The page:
Scholarships for Psychology Majors
| Psychology.org Staff
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Psychology scholarships help pay for the costs of earning a degree in the field. Scholarships do not require repayment, making them one of the best options for students seeking aid. A variety of organizations and schools award scholarships based on financial need, merit, diversity, and other criteria. Depending on each scholarship's rules, students may use the award to pay for tuition and fees, textbooks, housing, and cost of living.
Due to the rising cost of higher education, most psychology students need help financing their degree. Cuts to state funding contributed to a 37% increase in tuition from 2008-2018. The National Center for Education Statistics reports that 83.8% of first-time, full-time, degree- and certificate-seeking undergraduate students received financial aid for the 2018-19 school year. Financial aid for psychology majors may include scholarships, grants, fellowships, and loans.
Students can find many psychology scholarships, including for bachelor's, master's, and doctoral programs.
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How To Apply for Scholarships
Keep reading to learn more about where to look for psychology scholarships, an explanation of the types of scholarship sponsors, and potential requirements for eligibility. We also discuss strategies for successful psychology scholarship applications.
Where To Look for Scholarships
Researching the thousands of scholarships from companies, individuals, nonprofits, and schools requires time and effort. High school students can start the scholarship discovery process by talking to school counselors, who typically hold extensive knowledge about scholarships. Counselors can offer suggestions about where to find them, when to apply, and how to put together the best application.
Many candidates find that the best place to explore psychology scholarships is on the American Psychological Association (APA) search page, which lists dozens of opportunities for graduate and undergraduate students. Other places to look include college financial aid offices, the U.S. Department of Labor's free scholarship search tool, and the reference section of local libraries.
Types of Scholarship Sponsors
Groups offering college scholarships include professional associations, school departments, nonprofit foundations, and local community groups. Other scholarship sponsors include corporations, governments, employers, and individuals.
The APA and other professional groups in the field provide a wealth of opportunities out of a desire to support the next generation of psychologists. Most scholarship sponsors ask that applicants meet certain eligibility criteria to qualify for aid. Below, we describe requirements students may need to meet to win psychology scholarships.
When applying for psychology scholarships, students usually need to meet several requirements to qualify. Sponsors often set eligibility criteria based on factors like academic achievement, identity, and membership in professional organizations. The scholarship application process typically requires submission of supporting materials and documentation. See below for examples of possible eligibility and submission criteria.
- Hold a minimum 3.0 GPA
- Be an undergraduate or graduate student pursuing a degree in psychology
- Be a member of the student chapter of the APA
- Belong to an ethnic minority group
- College transcripts
- Resume or CV
- Letters of recommendation
- Essay or personal statement
Filling out applications can be time-consuming and hard work, so applicants must strategize about how to apply for psychology scholarships. Degree-seekers can limit their search to scholarships for psychology majors or even those devoted to their specialization or concentration. Psychology majors can also prioritize applying for scholarships based on aspects of their identity, like gender, religion, or ethnicity.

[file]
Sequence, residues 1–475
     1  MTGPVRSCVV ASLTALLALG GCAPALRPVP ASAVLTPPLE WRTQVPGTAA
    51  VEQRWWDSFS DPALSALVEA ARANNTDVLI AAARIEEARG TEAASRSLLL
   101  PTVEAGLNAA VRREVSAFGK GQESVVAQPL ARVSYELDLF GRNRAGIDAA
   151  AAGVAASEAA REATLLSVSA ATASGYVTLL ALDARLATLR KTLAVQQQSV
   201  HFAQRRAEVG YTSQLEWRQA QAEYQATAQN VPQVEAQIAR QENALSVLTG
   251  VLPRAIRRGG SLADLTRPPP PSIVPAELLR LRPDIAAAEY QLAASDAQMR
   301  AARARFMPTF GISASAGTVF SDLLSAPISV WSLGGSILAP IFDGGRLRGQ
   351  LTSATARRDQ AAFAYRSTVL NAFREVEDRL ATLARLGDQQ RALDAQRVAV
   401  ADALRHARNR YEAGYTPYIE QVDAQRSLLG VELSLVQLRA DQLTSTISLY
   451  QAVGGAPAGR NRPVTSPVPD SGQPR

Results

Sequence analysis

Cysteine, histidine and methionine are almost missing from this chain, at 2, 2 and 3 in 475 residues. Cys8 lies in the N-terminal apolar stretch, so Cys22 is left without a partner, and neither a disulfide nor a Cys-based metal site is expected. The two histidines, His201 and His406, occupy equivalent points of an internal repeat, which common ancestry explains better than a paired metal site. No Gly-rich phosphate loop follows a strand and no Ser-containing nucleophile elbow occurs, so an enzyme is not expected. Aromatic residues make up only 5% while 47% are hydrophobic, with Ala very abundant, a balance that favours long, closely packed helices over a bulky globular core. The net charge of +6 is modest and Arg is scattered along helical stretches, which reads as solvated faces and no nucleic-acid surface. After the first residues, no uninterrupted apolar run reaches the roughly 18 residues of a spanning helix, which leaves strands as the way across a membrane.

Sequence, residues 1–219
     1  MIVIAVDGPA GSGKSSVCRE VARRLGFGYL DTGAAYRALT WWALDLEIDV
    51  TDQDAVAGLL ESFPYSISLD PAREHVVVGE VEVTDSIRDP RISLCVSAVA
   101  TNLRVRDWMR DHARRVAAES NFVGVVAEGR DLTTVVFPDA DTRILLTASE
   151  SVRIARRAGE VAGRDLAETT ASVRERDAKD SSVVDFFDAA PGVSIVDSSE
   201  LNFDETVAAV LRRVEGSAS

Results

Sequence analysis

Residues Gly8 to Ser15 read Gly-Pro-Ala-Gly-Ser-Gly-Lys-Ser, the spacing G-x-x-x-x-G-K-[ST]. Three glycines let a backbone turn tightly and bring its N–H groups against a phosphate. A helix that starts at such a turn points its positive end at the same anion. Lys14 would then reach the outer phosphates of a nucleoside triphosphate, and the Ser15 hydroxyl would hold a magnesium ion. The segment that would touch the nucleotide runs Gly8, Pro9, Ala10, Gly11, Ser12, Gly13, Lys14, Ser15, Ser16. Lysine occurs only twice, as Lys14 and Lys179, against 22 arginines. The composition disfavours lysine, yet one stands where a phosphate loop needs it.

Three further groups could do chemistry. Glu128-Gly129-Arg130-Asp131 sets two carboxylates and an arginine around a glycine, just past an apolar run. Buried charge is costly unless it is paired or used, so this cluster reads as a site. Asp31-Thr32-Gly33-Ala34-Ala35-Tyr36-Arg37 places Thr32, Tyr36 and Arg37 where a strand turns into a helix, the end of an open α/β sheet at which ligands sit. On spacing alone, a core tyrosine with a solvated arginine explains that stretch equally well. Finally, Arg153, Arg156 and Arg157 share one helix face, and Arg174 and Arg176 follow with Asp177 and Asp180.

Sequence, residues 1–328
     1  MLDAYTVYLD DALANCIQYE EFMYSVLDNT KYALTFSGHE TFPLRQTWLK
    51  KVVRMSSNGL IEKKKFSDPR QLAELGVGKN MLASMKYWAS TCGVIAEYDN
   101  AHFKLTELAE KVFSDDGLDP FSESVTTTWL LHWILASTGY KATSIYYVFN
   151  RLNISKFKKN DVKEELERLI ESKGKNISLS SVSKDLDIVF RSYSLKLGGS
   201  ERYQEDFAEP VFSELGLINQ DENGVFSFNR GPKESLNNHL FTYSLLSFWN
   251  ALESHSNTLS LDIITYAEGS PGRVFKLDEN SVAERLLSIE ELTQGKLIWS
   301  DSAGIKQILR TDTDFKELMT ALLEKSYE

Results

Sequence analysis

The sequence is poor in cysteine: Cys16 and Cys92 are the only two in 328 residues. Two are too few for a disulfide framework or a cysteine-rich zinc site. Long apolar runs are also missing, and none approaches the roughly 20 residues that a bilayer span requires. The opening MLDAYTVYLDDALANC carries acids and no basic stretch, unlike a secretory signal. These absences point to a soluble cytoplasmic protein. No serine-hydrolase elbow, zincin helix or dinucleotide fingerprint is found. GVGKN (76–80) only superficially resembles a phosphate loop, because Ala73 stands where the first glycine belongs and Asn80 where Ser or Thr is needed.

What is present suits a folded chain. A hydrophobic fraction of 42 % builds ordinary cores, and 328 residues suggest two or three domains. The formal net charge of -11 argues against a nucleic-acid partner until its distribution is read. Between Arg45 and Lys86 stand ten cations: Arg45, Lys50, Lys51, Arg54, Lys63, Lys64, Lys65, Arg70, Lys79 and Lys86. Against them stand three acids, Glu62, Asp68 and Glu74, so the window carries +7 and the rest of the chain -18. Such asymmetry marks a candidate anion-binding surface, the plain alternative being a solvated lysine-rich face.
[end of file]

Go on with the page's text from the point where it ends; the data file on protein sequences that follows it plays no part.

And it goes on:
Other factors that impact which scholarships to apply for include deadlines, award amount, and the difficulty or ease of applying. Students may also want to consider the way that scholarships can impact financial aid eligibility and vice versa.
Available Psychology Scholarships
The list below includes undergraduate psychology scholarships, graduate psychology scholarships, and scholarships for psychology students at any degree level. Although not exhaustive, this list provides a good starting point for psychology majors looking for scholarships for college.
Undergraduate Psychology Scholarships
This scholarship recognizes the best undergraduate paper on topics related to psychology and the law. Applicants must submit one copy of their paper and a letter of support from their mentor. The committee judges papers based on their originality, quality of writing, contribution to the field, and independence.
The international honor society in psychology offers this grant to undergraduate Psi Chi student members conducting field research in social psychology. Applicants must submit a research proposal and letter of recommendation from a faculty sponsor. Award recipients should turn in a final report within one year.
The American Psychological Foundation (APF) awards this scholarship to outstanding undergraduate psychology majors with financial need and a minimum 3.5 cumulative GPA. Application requirements include a CV, current transcript, personal essay, and letter of recommendation. Recipients can use the scholarship to pay for tuition, fees, textbooks, and other direct educational costs.
The NIH offers this competitive scholarship to students from disadvantaged backgrounds who plan to pursue careers in biomedical, social science, and behavioral health-related research. The scholarship is renewable up to four years.
Award: Up to $20,000 per year, paid summer research training at the NIH, and paid employment and training at the NIH after graduation
The International Honor Society in Psychology awards eight scholarships annually to exceptional undergraduate psychology majors. The aid can pay for direct educational costs, including tuition, student fees, and textbooks. Applicants must be Psi Chi members and submit a CV, personal financial information, and a financial need essay.